Michael Hall graduated from the University of Texas at Austin in 1979. Before joining Texas Monthly in 1997, he was an associate editor of Third Coast magazine and the managing editor of the Austin Chronicle. Hall won two 2001 Katy Awards: one for Best Reporter Writing Portfolio and one for Personality Profile/Interview for his July 2001 story “Lance Armstrong Has Something to Get Off His Chest.” He won a Texas Gavel Award in 2003 for his story about capital punishment, “Death Isn’t Fair,” which was also nominated for a National Magazine Award. Hall’s stories have appeared in the Best American Magazine Writing, the Best American Sportswriting, the Best American Nonrequired Reading, and Da Capo Best Music Writing. He has also written for Trouser Press, the New York Times, Men’s Journal, and the Austin American-Statesman.
These six entrepreneurs are members of a unique Dallas program that is bringing the promise of microcredit to the Untied States: one small business at a time.
Of the many things the first black district attorney of Dallas County is doing, none is more important than rethinking the concept of guilt and innocence.
Twenty-five years after his death, Sam Hopkins is still one of the most influential bluesmen in history—that much we know. But we don’t know nearly enough about who he was.
And for these 8 one-hit wonders, including Balde Silva, of Toby Beau, that’s a good thing: Thanks to wildly successful singles they released many years ago, what might have otherwise been forgettable careers are anything but.
On November 5, 181,500 people crowded into a former cow pasture north of Fort Worth to watch 43 race cars drive really, really fast for five hundred miles. That day, the Texas Motor Speedway would be, measured by population, one of the largest cities in the state. Welcome to NASCAR, Texas.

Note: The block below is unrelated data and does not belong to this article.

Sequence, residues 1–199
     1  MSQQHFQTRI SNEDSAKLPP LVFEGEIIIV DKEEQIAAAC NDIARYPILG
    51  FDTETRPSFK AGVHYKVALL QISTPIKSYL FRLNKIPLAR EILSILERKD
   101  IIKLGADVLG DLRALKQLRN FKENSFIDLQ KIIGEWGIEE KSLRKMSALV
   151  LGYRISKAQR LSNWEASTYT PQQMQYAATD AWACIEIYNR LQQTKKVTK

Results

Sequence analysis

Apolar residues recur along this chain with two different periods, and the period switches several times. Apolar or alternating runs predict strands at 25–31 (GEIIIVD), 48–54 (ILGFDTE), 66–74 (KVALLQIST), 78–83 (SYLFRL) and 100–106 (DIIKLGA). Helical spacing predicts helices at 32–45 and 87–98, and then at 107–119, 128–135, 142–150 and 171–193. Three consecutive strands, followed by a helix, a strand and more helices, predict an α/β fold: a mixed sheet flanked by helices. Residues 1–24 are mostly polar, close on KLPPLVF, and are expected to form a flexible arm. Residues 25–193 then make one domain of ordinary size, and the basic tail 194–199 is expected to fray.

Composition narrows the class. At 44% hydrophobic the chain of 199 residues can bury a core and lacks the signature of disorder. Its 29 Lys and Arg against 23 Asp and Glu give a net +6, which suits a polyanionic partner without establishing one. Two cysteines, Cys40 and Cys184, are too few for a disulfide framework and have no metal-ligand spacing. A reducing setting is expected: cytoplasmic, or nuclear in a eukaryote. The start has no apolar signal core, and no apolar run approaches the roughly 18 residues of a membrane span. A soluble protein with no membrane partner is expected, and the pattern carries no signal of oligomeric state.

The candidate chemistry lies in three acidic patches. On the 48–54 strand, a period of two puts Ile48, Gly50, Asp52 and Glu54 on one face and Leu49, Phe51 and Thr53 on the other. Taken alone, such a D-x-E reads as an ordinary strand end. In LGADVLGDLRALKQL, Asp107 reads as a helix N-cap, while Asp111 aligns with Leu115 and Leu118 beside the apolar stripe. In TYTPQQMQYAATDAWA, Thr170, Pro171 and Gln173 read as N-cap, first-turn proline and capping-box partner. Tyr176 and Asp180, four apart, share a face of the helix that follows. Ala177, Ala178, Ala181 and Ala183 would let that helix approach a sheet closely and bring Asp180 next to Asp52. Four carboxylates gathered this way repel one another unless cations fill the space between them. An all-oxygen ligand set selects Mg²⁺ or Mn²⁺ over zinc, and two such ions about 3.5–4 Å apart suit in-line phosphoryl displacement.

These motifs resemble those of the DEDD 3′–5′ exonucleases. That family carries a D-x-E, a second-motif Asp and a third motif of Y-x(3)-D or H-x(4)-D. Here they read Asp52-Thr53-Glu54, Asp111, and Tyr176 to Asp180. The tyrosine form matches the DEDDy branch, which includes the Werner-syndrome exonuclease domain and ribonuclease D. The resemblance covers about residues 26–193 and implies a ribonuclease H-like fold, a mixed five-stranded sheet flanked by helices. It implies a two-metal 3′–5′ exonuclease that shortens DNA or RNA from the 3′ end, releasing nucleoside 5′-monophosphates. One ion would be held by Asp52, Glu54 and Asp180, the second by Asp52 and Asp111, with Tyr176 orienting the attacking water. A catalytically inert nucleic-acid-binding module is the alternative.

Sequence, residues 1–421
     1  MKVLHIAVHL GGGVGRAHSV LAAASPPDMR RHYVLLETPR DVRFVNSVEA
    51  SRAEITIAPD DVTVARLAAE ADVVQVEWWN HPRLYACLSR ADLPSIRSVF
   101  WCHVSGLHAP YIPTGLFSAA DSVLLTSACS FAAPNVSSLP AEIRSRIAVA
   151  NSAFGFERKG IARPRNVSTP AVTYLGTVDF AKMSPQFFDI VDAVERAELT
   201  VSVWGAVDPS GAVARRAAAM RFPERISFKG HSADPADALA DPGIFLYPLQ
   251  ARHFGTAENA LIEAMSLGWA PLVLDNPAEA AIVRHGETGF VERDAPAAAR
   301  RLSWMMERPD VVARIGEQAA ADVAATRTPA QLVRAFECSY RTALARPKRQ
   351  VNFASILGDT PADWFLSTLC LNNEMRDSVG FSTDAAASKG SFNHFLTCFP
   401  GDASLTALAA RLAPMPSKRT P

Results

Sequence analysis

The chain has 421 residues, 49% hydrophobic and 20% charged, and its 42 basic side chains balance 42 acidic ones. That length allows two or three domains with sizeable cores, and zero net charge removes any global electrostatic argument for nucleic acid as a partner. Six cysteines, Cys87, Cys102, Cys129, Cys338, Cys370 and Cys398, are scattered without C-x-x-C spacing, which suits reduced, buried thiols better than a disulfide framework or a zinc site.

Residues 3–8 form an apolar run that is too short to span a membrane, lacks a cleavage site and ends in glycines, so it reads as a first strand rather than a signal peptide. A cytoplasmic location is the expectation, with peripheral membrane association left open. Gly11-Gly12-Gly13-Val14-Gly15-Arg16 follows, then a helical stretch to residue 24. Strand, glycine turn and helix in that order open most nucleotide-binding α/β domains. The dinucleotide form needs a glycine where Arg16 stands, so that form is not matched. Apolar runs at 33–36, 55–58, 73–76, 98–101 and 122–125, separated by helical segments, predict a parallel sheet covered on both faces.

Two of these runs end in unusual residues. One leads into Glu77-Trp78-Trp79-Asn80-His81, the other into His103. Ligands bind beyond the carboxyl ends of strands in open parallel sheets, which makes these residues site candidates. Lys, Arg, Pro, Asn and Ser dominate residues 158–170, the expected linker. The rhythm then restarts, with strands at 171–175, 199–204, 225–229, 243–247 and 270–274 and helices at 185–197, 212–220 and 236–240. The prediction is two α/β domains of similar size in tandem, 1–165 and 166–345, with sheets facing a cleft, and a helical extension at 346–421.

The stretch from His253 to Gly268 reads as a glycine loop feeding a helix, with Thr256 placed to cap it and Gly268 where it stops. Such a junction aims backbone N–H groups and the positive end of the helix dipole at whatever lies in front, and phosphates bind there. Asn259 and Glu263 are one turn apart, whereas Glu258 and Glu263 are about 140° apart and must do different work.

Most people from Dallas who make it big in the music business get out of town as soon as they can. “That’s what celebrities do,” Erykah Badu says. “I never wanted to be a celebrity.”
A tip of the hat to risk-taking, barrier-breaking, establishment-tweaking Texans.
They say he ran over Eddie Peltier with his El Camino on a North Dakota Indian reservation in 1983. He says he didn’t do it, and the evidence is overwhelmingly on his side—yet the Plainview native has languished in federal prison for twenty years. It’s long past time for justice to be done.
For twenty years, the Southwestern Writers Collection, on the campus of Texas State University, in San Marcos, has gathered up manuscripts, personal papers, photos, and other mementos from various icons and at least one outlaw. Want to have a look-see?
Spoiler alert: The mythic Marfa lights may not be real. But there’s no way to know for sure, and that’s why they’re cool.
Like Cindy Sheehan, Gary Qualls lost a son in Iraq. Unlike her, he doesn’t oppose the war.
For that matter, why can’t any incarcerated man or woman with a good reason get one?
More than anything, we hated the moves, the long drives in a hot car with squabbling siblings, then getting to the new post and having to be the new kid all over again.